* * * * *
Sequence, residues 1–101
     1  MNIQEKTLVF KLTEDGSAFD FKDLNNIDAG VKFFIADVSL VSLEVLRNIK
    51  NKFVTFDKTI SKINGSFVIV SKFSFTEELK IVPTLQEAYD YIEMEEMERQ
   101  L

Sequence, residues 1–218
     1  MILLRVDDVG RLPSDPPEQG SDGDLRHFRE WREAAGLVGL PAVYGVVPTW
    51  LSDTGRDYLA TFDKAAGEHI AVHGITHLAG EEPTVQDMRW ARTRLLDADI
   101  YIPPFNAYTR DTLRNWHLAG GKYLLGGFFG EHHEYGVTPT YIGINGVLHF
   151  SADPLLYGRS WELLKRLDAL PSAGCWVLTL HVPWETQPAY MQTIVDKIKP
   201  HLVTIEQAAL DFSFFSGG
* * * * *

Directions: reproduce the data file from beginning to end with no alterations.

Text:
Sequence, residues 1–101
     1  MNIQEKTLVF KLTEDGSAFD FKDLNNIDAG VKFFIADVSL VSLEVLRNIK
    51  NKFVTFDKTI SKINGSFVIV SKFSFTEELK IVPTLQEAYD YIEMEEMERQ
   101  L

Sequence, residues 1–218
     1  MILLRVDDVG RLPSDPPEQG SDGDLRHFRE WREAAGLVGL PAVYGVVPTW
    51  LSDTGRDYLA TFDKAAGEHI AVHGITHLAG EEPTVQDMRW ARTRLLDADI
   101  YIPPFNAYTR DTLRNWHLAG GKYLLGGFFG EHHEYGVTPT YIGINGVLHF
   151  SADPLLYGRS WELLKRLDAL PSAGCWVLTL HVPWETQPAY MQTIVDKIKP
   201  HLVTIEQAAL DFSFFSGG